Illinois’ wealthiest bureaucrats want this bill dead
There should be no compromise with those who are looking out for their own bottom line above the good of the state.
Illinois state senators on May 15 heard testimony on a real bright spot in the General Assembly this year.
But local government employees with some extraordinary paychecks are trying to snuff it out.
House Bill 3053 is also known as the Classrooms First Act. That’s because it prioritizes spending on teachers, supplies and services that students need over its taxpayer-funded opponents: school district superintendents.
Illinois is the nation’s only state to spend more than $1 billion a year on “general administration” costs in education, according to U.S. Census Bureau data. That’s because Illinois has too many school districts serving too few schools and too few students.
The state’s 852 school districts intercept education dollars before they reach the classroom. About a quarter of those school districts serve as an extra administrative layer atop a single school. And the average Illinois school district serves 2,400 students, the sixth-lowest average in the nation. If Illinois’ average district enrollment was on par with Virginia – a state with similar demographics and better educational outcomes – it would have just 210 districts, 644 fewer than today.
Enter the Classrooms First Act: it would set up a statewide commission with a goal of reducing the number of Illinois school districts by 25%. After the commission’s study is complete, its recommendations would go on local ballots, and voters would get to decide whether school district consolidation would be the right fit for their community.
With around two-thirds of most property tax bills going to local school districts, and no boogeyman of “killing a mascot” (schools have those, not school districts), the appetite for more effective ways to spend education dollars is strong.
But to hundreds of Illinois school district administrators, that doesn’t sound like a good idea. They filed witness slips opposing the bill.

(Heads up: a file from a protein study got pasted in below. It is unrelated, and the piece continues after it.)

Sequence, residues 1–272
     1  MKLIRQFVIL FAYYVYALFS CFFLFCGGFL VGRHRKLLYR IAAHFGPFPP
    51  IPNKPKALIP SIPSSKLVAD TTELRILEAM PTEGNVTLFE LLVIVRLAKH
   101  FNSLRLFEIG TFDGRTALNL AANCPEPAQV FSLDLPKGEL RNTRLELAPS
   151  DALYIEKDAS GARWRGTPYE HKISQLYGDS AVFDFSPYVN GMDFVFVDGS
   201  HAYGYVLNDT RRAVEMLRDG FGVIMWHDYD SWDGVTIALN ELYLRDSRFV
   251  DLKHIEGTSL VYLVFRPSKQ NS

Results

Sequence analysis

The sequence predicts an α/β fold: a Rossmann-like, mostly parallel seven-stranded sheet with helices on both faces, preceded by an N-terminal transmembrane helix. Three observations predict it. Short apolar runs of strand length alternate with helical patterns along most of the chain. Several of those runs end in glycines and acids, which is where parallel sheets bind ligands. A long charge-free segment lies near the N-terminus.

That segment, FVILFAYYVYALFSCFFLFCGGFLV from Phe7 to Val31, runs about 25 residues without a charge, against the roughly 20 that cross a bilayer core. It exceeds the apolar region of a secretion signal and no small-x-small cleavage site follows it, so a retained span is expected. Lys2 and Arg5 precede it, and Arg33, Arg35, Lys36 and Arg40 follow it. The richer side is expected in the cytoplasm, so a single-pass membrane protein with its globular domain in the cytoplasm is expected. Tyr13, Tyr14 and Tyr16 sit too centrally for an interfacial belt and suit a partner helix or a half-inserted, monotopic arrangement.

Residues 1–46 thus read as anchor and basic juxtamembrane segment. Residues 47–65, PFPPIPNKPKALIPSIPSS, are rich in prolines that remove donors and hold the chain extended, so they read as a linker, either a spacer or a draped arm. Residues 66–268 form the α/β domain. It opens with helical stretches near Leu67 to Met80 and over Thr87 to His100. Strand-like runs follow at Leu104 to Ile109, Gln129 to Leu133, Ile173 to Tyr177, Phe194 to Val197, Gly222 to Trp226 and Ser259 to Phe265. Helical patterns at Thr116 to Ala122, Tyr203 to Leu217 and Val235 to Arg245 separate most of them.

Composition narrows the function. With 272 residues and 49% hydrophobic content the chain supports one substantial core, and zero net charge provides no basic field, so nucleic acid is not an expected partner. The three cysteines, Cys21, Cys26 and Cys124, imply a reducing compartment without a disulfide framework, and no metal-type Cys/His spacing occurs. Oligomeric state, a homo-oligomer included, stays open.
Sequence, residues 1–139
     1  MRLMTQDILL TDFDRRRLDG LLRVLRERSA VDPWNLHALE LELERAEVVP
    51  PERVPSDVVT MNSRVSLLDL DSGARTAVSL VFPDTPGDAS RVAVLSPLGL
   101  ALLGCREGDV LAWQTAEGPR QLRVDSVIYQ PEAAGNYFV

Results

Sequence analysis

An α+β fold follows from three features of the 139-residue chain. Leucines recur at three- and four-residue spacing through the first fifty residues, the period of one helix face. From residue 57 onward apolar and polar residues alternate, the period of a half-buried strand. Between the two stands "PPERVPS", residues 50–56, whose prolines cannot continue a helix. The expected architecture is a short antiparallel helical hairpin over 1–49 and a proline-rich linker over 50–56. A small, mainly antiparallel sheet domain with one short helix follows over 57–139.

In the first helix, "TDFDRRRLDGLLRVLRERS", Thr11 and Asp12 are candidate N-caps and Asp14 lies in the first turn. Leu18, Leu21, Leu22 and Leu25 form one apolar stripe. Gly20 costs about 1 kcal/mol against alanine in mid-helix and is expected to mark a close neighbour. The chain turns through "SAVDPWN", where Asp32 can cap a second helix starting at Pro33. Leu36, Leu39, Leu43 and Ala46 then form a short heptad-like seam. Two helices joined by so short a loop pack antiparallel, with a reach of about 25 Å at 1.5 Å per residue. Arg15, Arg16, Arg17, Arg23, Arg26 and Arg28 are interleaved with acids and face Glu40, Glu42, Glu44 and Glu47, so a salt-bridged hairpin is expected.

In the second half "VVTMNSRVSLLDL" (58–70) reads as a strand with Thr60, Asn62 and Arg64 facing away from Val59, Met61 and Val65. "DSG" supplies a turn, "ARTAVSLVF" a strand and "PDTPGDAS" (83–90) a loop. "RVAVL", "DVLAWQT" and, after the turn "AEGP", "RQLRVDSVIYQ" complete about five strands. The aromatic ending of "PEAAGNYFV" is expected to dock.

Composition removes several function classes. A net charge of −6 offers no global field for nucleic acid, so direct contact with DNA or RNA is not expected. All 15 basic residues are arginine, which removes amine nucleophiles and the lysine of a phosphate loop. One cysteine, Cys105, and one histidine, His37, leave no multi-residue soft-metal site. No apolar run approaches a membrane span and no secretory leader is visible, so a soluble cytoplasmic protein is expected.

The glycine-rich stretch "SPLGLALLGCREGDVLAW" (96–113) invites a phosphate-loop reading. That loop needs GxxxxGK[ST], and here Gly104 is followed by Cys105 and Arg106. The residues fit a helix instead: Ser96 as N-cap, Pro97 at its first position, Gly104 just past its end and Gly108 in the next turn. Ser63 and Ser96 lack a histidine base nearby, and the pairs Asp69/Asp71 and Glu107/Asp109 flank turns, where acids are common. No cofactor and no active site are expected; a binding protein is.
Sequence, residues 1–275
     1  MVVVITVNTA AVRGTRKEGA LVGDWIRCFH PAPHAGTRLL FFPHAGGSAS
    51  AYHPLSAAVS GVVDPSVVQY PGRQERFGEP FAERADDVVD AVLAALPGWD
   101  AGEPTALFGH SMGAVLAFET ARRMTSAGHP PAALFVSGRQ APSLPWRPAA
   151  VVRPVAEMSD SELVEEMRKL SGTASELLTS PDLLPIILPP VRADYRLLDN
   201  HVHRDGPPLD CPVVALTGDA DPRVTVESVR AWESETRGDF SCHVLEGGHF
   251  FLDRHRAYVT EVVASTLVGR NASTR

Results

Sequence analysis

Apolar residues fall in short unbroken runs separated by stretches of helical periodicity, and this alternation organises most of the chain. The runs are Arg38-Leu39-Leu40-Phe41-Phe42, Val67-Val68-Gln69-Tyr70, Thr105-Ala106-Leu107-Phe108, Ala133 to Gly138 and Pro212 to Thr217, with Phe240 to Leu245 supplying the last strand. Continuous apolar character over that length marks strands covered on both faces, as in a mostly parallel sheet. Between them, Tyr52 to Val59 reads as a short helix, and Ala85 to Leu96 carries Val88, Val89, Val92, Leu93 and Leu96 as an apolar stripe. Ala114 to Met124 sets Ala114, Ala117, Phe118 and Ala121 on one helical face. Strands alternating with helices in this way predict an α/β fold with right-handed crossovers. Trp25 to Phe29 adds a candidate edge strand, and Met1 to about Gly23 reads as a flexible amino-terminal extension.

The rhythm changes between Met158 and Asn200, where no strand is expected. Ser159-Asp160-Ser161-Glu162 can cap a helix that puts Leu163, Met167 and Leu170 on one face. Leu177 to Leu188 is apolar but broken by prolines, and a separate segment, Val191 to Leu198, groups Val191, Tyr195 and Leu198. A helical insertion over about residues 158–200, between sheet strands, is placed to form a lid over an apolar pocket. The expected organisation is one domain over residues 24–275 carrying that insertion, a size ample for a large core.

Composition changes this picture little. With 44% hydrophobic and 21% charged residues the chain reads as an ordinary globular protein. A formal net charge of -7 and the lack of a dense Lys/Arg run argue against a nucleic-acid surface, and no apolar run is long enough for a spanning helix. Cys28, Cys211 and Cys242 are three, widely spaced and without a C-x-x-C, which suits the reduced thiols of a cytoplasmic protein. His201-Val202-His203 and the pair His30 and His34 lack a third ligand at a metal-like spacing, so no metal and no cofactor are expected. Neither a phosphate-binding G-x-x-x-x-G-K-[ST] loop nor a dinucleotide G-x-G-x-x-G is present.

A crosscheck of those witness slips with publicly available salary information show why: more than 130 are taking home six-figure paychecks, with 26 making more than $200,000. Over the course of a career, salaries like that in Illinois mean pension benefits easily reaching $2 million to $6 million over the course of their retirements.
Here are the district details of just a few highly compensated administrators who filed in opposition to the Classrooms First Act, with salary information pulled from transparency nonprofit Open the Books.
Keep in mind that Illinois’ average number of students per district is among the lowest in the nation:
River Trails School District 26 Superintendent Nancy Wagner makes more than $209,000 annually. Her district, located in Mount Prospect, serves 1,552 students, or 35% less than the state average.
Three handsomely paid administrators working for Gurnee School District 56 – Superintendent Colleen Pacatte ($194,560), Director of Business Sheila Peckler ($171,515) and Director of Pupil Services Tamara Kroc ($150,794) – filed in opposition. Their district serves 2,080 students, which is 13% lower than the state average.
Lemont High School District 210 Superintendent Mary Ticknor makes more than $226,000. Her district oversees one high school with 1,418 students, or 40% lower than the state average.
Finally, Benjamin School District 25 Superintendent Philip Ehrhardt takes home a whopping $270,000 salary. His district in suburban West Chicago serves 618 students, 70% lower than the state average, split between a middle school and an elementary school. He is set to retire in June.
These men and women are not alone, of course. More than 9,000 school district administrators in Illinois collected six-figure salaries as of 2017.
But their choice to publicly oppose this bill speaks volumes.
Thankfully, rank-and-file taxpayers submitted twice as many witness slips in favor of the bill as district administrators did against it. It has already passed the House unanimously. And the Senate Government Accountability and Pensions Committee passed it unanimously as well.
Some tweaks are expected leading up to a full Senate vote.
But there should be no compromise with those who are looking out for their own bottom line above the good of the state.